Setting The Tone (pt 2)

Further to an earlier post comparing the opening paragraphs of BBC articles about the Tea Party and Purple People movements, here are two more examples of tone-setting openers. Both come from recent pieces by the BBC’s Madeleine Morris, one on the Tea Party convention in Nashville last month and the other on the first meetings of the new Coffee Party movement at the weekend.

For the Tea Party it’s a Don LaFontaine horror movie trailer:

They came from as far away as Hawaii, Maine, and Texas – an overwhelmingly white, middle-aged army of angry conservatives, furious with government spending and influence, and ready to do whatever they can to stop it.

The Coffee Party, on the other hand, gets a welcoming, jaunty little local radio ad:

Looking for a little bit of civil political discussion with your decaf latte? Well the newly formed Coffee Party movement may be for you.

I note also from the two articles that the Coffee Party’s grassroots cred is taken at face value (“A grassroots US political grouping”) but that of the Tea Party is not (“The Tea Party movement describes itself as a grassroots movement of conservatives.”) Those conservatives, they like to call themselves grassroots but can we really trust their claims?

David Preiser has commented on this in the open thread and, as it now seems impossible to link directly to comments, I’m reproducing his post here (with one small quibble – I don’t think it’s entirely fair to say the Coffee Parties are “all white”, but they’re certainly no more diverse than the Tea Parties, so David’s point about BBC double standards still stands):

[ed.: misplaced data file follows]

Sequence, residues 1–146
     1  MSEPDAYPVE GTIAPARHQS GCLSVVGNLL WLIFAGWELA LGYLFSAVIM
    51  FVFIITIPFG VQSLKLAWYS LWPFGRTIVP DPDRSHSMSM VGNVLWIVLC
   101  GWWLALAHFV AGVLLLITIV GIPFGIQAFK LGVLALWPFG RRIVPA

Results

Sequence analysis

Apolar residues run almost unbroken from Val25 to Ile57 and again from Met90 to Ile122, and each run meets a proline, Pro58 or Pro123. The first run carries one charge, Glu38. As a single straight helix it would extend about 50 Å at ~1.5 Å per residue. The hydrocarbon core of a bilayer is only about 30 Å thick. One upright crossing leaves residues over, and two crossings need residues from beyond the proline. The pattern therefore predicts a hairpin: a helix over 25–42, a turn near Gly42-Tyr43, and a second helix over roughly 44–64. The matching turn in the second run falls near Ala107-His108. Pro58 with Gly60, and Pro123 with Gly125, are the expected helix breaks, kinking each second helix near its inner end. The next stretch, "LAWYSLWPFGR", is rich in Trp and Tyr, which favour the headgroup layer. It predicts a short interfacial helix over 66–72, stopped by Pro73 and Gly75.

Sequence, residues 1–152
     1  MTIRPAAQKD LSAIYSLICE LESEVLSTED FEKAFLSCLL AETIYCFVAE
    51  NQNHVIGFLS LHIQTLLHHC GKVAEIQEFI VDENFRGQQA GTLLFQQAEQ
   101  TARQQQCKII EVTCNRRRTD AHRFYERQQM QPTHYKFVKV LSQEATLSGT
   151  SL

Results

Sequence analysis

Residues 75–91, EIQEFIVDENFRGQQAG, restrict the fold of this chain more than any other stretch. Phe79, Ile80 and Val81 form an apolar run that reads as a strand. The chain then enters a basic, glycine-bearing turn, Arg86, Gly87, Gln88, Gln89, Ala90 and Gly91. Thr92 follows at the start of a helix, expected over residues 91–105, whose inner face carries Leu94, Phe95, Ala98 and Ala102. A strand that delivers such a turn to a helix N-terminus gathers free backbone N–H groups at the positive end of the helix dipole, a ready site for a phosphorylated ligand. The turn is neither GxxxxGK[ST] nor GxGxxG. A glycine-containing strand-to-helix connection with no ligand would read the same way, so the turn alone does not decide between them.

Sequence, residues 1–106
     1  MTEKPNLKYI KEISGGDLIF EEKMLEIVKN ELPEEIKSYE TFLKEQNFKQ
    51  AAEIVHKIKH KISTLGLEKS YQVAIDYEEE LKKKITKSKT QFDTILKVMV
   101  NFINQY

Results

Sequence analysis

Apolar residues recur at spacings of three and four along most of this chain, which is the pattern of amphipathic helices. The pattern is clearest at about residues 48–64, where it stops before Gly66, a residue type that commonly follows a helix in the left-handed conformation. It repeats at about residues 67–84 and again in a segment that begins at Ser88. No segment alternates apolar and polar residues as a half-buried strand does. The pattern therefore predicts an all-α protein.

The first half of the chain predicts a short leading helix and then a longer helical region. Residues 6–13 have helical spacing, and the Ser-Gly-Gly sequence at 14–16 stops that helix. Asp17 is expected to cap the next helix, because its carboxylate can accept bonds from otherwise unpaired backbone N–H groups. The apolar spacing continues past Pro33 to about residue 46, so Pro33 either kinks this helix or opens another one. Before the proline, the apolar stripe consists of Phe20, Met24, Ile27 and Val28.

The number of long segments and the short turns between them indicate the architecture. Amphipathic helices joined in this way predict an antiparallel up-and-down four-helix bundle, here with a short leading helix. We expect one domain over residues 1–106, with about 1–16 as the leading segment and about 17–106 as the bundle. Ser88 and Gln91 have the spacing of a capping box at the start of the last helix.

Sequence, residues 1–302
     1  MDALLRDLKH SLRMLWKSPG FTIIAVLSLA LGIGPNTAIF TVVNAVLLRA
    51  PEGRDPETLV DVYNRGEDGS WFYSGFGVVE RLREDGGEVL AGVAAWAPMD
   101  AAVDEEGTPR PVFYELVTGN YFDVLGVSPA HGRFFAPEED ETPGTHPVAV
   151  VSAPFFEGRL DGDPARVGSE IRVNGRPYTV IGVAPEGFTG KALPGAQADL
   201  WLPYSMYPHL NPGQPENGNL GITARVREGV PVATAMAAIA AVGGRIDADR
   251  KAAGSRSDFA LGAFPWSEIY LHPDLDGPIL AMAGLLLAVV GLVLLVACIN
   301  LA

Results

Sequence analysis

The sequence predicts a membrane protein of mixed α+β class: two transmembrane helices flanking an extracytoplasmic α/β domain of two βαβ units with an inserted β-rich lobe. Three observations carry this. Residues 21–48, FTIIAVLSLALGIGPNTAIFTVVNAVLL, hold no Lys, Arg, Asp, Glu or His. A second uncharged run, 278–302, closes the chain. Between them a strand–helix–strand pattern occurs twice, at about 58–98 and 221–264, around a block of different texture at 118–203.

As everyone here knows, the BBC refused to report on the Tea Party movement as it grew and grew until the reality of tens of thousands of people gathering across the US on April 15 forced them to acknowledge it. Then, Kevin Connolly grossly misrepresented and cast aspersions on the participants, hinting at dark forces and racist overtones behind the movement. He also insulted the participants with a sexual innuendo used for them only by the Left. Nearly every time Mark Mardell has deigned to mention the Tea Partiers, he makes sure to paint the participants as being exclusively white and middle class, as if that’s an automatic disqualifier. It wasn’t until Katty Kay’s quite reasonable report in December that the BBC even bothered to really talk to the participants in depth. And even there the title of the piece and overall message is one of “boiling anger”.

Now, there has been a new opposition movement starting up calling themselves the Coffee Party. It’s hardly anything more than the Tea Party movement was in its first weeks, even before people really started calling them Tea Parties. Yet, the BBC not only reports it, but goes to meet them and get their thoughts.

Coffee Party brews up rival for Tea Party

The only similarity between this and the BBC’s reporting on the Tea Parties is the gross misrepresentation of the participants. They promote the lies of the Left here too, only this time they claim that the participants are a real grass roots movement. Which is a lie. This thing is being run by Democrat Party hacks. Annabel Park, whom the BBC presents as part of a “silent majority” campaigned for The Obamessiah, and her own website is owned by a campaign group for Democrat Senator Jim Webb.

They’re also all white and middle class. But the BBC strangely fails to offer any such description of the participants.

In contrast to any BBC report on Tea Parties, this one takes the claims of motivation by the participants at face value. No suggestion that they’re extremist or angry or potentially violent, as Mardell likes to do with the Tea Partiers. Instead, the Coffee Party astroturf is portrayed as being lovely and wanting nothing more than for government to help people and for politicians to join hands in peace and harmony everlasting.

Don’t trust the BBC On US issues.